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Growing Garlic

Question: I read your column a couple of years ago. It recommended planting garlic. I’ve never grown garlic. Could you give me more information?

 

Answer: No garden should be without garlic or “stinking rose”, which is believed to fight disease, thin blood, reduce cholesterol, season foods, and repel vampires.

 

Garlic is divided into two basic types: those with hard flower stalks and those without.  Hardneck garlic produces a tall flower stalk with a cluster of tiny bulbs (bulbils) and undeveloped flowers at the top.  Hardneck varieties are sometimes grouped together under the name rocambole.  Because of their better, more complex flavor, hardneck varieties are considered gourmet.  However, most do not store as well as softneck garlics.

 

In general, when growing hardneck garlic remove the topsets as the stalk fully emerges and begins to uncoil.  If the topsets are left, they will sap energy from the developing underground bulb.  Removal of topsets is a tedious job, but will result in much larger bulbs. Tender topsets and stems can be used in cooking.

 

Softneck garlics do not produce a hard central stalk or aboveground clusters of bulbils.  These bulbs often have many more cloves than hardneck types.  The leaves form a false stem above the ground, which softens and falls over as the garlic matures, very much like onion tops.  Softnecks are traditional supermarket garlics, because they yield more, store better, and are easier to grow than hardnecks. The soft, pliable stems of softnecks are the best for braiding.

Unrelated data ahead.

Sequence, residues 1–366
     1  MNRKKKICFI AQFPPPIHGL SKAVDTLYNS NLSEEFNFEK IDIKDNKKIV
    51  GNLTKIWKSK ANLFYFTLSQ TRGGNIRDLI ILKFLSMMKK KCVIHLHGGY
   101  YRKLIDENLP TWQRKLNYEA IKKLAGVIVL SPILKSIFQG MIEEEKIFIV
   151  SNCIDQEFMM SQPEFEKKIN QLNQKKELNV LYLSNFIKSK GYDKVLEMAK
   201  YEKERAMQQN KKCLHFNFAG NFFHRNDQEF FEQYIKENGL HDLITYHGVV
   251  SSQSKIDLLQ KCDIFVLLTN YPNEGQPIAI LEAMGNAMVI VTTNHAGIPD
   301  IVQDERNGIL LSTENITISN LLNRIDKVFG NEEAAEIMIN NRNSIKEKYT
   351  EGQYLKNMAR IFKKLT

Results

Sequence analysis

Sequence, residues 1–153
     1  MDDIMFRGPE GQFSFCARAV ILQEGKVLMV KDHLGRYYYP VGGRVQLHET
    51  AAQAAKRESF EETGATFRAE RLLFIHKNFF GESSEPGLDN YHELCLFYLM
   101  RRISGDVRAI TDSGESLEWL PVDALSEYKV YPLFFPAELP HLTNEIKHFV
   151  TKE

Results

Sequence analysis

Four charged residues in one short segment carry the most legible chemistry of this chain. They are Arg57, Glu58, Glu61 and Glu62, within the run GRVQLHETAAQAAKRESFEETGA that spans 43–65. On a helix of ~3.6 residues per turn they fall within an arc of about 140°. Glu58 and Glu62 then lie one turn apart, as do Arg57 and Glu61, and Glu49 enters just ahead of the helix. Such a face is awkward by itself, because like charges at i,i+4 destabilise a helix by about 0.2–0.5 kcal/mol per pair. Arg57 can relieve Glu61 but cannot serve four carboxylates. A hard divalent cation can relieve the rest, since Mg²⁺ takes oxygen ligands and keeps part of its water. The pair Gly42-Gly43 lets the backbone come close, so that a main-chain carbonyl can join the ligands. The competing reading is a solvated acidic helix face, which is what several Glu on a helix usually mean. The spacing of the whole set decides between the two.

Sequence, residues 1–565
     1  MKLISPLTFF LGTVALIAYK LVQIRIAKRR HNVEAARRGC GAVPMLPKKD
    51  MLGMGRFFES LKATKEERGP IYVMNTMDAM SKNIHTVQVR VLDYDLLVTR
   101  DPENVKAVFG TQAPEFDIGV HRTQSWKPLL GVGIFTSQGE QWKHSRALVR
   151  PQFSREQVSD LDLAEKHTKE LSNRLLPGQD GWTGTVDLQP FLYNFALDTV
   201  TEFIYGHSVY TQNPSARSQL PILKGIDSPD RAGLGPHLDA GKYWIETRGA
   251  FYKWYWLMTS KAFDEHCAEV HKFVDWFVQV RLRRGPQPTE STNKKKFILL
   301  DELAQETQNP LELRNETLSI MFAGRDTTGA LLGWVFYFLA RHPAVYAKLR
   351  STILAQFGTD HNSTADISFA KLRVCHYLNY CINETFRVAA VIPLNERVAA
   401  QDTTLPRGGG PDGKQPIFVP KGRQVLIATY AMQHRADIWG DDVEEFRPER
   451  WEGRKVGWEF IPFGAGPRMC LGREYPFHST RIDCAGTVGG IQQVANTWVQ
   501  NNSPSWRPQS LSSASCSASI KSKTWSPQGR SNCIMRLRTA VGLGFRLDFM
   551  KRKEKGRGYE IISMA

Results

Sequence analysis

Garlic is planted in autumn about 6-8 weeks before the ground freezes. Cloves root and produce shoots below the soil surface in fall.  In spring, garlic begins growing as soon as the soil warms.

 

The size and weight of the clove planted affects the eventual size of the bulb formed. Bigger cloves make bigger bulbs.

 

Garlic is a fairly heavy feeder that prefers fertile soils.  Organic matter and a balanced fertilizer should be thoroughly worked into the bed before planting.

 

Just before planting, break bulbs apart into individual, unpeeled cloves.  Plant the cloves 3-4 inches deep and about 4 inches apart.

 

Protect garlic from winter injury with a layer of organic mulch.  Apply shredded leaves or straw after the ground freezes.  Mulch prevents frost heaving, cold injury, and premature growth in the late winter.

 

Once garlic begins to grow in spring, side dress once or twice with a high-nitrogen fertilizer and water as needed to prevent the soil from drying out.  Stop watering in summer as garlic nears maturity.

 

Early garlic varieties mature about the middle of July, and harvest finishes for all types by mid-August.

 

Garden Q&A for September 22, 2011
Barb Larson, Horticulture Educator
Kenosha County UW-Extension